As a participant I am also taking part in the PiBoIdMo Blog Hop.  The idea is to answer 4 questions about writing, and then tag more children’s writers to take part.    I’ve been tagged by aspiring, and inspiring, children’s author Sam Sochacka.  Sam can not only fix things, write things, photograph things and illuminate the room in which she appears, she's also pivotal in her various roles within the Kids Lit industry.  Check out her blog HERE.

THE QUESTIONS

What am I currently working on?

I was fortunate to win a grant from the CAL Creative Industries Career Fund this year so am currently using it to work on a picture book project along with mentor Dee White. It's attracted a bit of acclaim in various competitions but I'm anxious to develop it into something more substantial and of course share it with the world. It is currently undergoing a major re-haul, something I'm finding both immensely challenging and simultaneously gratifying.

How does it differ from other works in the genre?

I pen quite a few short stories which normally appear in anthologies and school magazines. I love writing shorts for kids; for the discipline and to clear my mind of ideas that need instant exposure on paper. For me, a picture book takes considerably more time to get right. I'd also like to work more on my chapter books in waiting but the picture book is calling out to me. Many people are under the illusion that because they contain so few words, picture books are a snap to write. This couldn't be further from the truth. I sometimes wish I had the luxury of extended word counts...I tend to be a bit of a waffler.

Why do I write what I do?

I write in my diaryto release a need to record and share moments, memories and emotions internally with myself. I write for children (pretty much exclusively) because I have an unrelenting desire to provide the same kind of inexplicable magic I experienced from getting lost in stories as a child. Books and the wisdoms and whimsies found within them were and still are one of life's greatest discoveries for me. I also recently realised what pleasure I get from re-living my childhood as I write for kids. I don't know many non-writing adults who spend as much time lingering in their younger past lives as kids' authors do. It's utterly fascinating and so much fun.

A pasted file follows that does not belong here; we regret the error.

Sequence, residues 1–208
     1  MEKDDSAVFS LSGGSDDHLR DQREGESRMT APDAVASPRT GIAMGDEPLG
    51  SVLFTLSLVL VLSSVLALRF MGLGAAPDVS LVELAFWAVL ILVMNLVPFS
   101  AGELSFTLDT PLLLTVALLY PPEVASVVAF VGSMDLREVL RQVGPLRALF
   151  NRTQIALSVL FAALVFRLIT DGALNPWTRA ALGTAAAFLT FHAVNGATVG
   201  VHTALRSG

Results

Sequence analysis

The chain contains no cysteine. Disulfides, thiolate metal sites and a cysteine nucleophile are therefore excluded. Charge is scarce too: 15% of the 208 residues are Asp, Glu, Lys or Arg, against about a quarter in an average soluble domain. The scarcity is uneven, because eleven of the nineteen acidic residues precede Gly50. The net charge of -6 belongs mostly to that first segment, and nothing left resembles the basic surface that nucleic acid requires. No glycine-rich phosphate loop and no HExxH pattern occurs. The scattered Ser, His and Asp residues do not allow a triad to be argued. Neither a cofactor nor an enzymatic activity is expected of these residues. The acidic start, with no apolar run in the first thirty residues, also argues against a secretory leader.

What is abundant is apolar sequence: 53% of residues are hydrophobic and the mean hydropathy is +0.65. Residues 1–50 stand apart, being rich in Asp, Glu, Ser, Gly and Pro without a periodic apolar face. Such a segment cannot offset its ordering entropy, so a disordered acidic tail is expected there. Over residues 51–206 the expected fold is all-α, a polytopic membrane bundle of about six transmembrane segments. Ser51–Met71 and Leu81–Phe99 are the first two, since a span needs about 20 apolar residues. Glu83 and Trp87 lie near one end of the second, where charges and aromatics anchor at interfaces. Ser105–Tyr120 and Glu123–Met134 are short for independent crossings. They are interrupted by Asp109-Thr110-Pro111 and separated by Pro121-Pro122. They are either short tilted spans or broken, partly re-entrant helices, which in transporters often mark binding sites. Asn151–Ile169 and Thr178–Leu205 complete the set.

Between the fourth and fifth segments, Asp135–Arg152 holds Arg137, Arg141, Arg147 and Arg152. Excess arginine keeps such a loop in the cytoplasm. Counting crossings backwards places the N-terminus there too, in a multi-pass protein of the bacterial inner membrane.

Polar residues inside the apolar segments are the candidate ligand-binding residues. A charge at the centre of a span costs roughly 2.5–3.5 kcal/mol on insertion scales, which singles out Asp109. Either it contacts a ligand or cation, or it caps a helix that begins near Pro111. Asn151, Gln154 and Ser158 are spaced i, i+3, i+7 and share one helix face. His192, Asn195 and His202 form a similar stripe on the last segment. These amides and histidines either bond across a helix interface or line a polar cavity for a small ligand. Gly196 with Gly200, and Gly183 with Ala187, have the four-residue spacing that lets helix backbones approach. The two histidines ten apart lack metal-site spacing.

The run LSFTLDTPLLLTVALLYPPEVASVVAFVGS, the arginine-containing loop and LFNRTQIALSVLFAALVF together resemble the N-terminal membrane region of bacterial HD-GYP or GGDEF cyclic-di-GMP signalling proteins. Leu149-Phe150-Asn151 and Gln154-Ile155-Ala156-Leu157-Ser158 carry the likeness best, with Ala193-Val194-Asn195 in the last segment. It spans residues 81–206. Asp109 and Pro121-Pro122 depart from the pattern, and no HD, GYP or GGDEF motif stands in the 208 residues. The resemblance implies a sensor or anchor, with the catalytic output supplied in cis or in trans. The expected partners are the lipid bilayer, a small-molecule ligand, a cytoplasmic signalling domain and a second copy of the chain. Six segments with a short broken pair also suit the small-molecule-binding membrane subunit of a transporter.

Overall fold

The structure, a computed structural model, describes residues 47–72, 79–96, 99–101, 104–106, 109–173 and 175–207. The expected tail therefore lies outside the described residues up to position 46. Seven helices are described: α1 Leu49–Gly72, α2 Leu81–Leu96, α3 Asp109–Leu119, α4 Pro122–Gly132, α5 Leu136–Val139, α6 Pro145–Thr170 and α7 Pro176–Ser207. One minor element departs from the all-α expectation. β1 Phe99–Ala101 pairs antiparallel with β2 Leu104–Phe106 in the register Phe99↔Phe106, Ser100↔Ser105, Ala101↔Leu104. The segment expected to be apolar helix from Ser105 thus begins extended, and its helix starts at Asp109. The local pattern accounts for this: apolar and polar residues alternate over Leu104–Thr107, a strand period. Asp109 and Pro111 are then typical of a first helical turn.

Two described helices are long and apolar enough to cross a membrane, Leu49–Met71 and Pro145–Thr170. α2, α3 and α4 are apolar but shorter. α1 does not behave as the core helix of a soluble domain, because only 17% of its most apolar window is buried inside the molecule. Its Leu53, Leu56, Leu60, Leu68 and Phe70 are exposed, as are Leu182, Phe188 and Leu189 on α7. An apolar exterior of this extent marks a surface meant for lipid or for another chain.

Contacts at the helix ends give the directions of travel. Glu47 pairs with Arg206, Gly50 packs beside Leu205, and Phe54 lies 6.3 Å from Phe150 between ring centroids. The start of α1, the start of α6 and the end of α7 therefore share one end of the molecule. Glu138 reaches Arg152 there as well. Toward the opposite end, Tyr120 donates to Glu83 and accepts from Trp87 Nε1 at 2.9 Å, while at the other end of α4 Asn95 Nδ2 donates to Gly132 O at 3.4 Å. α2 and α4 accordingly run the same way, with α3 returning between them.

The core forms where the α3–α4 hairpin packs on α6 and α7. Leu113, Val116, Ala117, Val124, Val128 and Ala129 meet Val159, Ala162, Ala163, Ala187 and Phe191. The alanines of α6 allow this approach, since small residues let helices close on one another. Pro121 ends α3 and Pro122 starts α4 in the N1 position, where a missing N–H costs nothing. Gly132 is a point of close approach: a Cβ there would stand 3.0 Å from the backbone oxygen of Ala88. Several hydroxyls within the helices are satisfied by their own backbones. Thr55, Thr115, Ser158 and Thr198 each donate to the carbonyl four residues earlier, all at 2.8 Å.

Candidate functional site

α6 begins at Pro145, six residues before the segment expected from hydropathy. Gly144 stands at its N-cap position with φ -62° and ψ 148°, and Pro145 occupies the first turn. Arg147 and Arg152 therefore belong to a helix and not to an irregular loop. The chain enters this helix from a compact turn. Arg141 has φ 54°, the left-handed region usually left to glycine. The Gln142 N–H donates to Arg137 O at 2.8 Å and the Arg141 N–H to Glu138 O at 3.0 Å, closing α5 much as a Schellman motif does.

What is the hardest thing about writing?

I suffer from the usual lament: Time. Not enough of it. Getting the timing wrong in terms of submitting a manuscript idea before the rest of the world does first. And finding the right time and place and frame of mind to let the words flow. Writing is not really that hard. Writing something worthwhile and wondrous is more exacting.  

THE TAGEES

I believe the Queensland writing scene is one of the most supportive and vibrant in the land but I have cast my net further interstate and snagged and tagged this talented collection of authors (and illustrators).
 
Nicky Johnston